Through Memory’s Perception by Transcend with Time (Mark M)

Through Memory’s Perception by Transcend with Time (Mark M)

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Through Memory’s Perception by Transcend with Time (Mark M)
Transcend with Time (2009) 62:00 minutes
www.myspace.com/transcendwithtime

Review by Kate Russell

Listed on Transcend with Time’s myspace page, composer and musician ‘Mark M’ states that he would “like to do music for films, commercials etc”. I feel he should extend this list to making music for video games, as this is exactly the kind of arena this album seems particularly suited to. By video game music, I mean synthetic sounding tracks that play on a very similar theme. I listened to the album a few times over before writing the review, partly because I felt I had somehow been listening to the same piece over and over for the entire duration of the album.

Honestly, I’m still not sure if this is a good or a bad thing for “Through Memories Perception”. On the bad side, obviously, sixty minutes of very similar sounding music might not be a compelling sell-point for a music album. Then again, repetition on a theme can work really well in situations where the focus is on something else, such as in soundtracks. Some may really enjoy the unobtrusive, hypnotizing effect of these tracks – for me personally, I was left craving a little more variety and musical happenings throughout.

Really though, my biggest gripe with this album was the grating sound of the tinny drum track throughout. I’m not sure if this was a real drum fed through effects, or some pre-programmed beat, but regardless, the effect was somewhat grating against the wistfulness of the rest of the instrumentation.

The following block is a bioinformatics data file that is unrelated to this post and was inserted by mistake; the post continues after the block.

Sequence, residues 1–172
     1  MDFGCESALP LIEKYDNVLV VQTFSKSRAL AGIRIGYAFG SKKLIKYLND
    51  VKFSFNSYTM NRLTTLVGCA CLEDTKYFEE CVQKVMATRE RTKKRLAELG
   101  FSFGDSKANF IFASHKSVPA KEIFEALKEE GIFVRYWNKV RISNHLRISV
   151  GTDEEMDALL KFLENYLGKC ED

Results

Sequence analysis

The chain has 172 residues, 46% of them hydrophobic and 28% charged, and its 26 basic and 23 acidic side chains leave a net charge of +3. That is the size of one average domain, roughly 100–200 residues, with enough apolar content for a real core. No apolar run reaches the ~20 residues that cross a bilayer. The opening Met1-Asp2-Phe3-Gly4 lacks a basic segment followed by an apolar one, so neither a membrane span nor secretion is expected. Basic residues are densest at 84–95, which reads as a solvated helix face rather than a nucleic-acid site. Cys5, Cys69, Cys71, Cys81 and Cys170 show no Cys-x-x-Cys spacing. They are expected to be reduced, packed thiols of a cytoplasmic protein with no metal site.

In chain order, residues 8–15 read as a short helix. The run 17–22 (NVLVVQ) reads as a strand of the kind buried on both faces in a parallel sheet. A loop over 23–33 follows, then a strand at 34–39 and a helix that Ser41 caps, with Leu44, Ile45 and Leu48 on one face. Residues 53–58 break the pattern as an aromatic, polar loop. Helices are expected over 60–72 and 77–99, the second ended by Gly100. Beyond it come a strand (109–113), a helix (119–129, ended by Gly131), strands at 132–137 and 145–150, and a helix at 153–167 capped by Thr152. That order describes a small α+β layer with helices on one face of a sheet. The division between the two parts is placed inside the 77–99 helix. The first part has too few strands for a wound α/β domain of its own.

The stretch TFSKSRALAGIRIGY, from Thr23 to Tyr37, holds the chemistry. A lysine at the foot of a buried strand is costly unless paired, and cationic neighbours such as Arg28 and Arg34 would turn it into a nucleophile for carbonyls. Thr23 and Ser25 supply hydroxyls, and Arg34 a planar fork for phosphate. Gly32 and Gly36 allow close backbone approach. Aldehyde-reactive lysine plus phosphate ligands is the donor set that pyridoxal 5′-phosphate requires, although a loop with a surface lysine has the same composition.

The album opens with the stirring ‘Open Your Eyes’. As an introductory album track, it’s decent enough – you get the sense that you’re flying through time with the repetitive keyboard loops and it sets the theme well for the rest of the album. The title track ‘Through Memories’ perception is much gentler piece which precedes the spacier-sounding ‘Visions of Premonition’ and ‘Signs of Existence’. Of all of the tracks on the album, ‘Cognitive Imagery’ was the stand out favourite: the icicle-like mysterious and delicate sounds of the melody struck me as being particularly compelling (and perhaps more to the point, no drum track – sorry). The pace picks up a little in ‘A Lingering Thought’ before sliding back into that same familiar style in ‘Reminiscence’ , ‘Into The Realm of Quiet’, ‘Time of Certainty’ and ‘A Dream Subsides’.

My disparaging remarks on the percussion aside, this is not a bad album, particularly if you are into computerized sounding music. At just over sixty minutes in length and ten tracks long, Transcend with Time’s album, “Through Memory’s Perception” could make a good, laid-back soundtrack to a thoughtful stroll through the park, drive, or even meditation, where the repetitive mood of the music could be useful in helping gain focus on the matter to be contemplated.

Individual tracks from “Through Memory’s Perception” are available for download at http://www.tarniusmusic.com/transcendwithtime, along with some others from Transcend with Time’s collection.

(Personally, as a video gamer, I’m fully expecting to hear Transcend with Time’s music on some future release or other in the near future – it just seems made for that sort of thing.)

Kate Russell is a singer/songwriter and busker from Vancouver, up until recently performing under the stage name Jadis Gloom (www.myspace.com/jadisgloom). Currently she is taking some time out from her solo music projects to write, listen to other styles of music and gain inspiration from other artists and their own creative journeys. Believing that to look into someone’s art is also to look inside their soul, she enjoys the intimate opportunities for understanding others in new ways that being a music critic provides.

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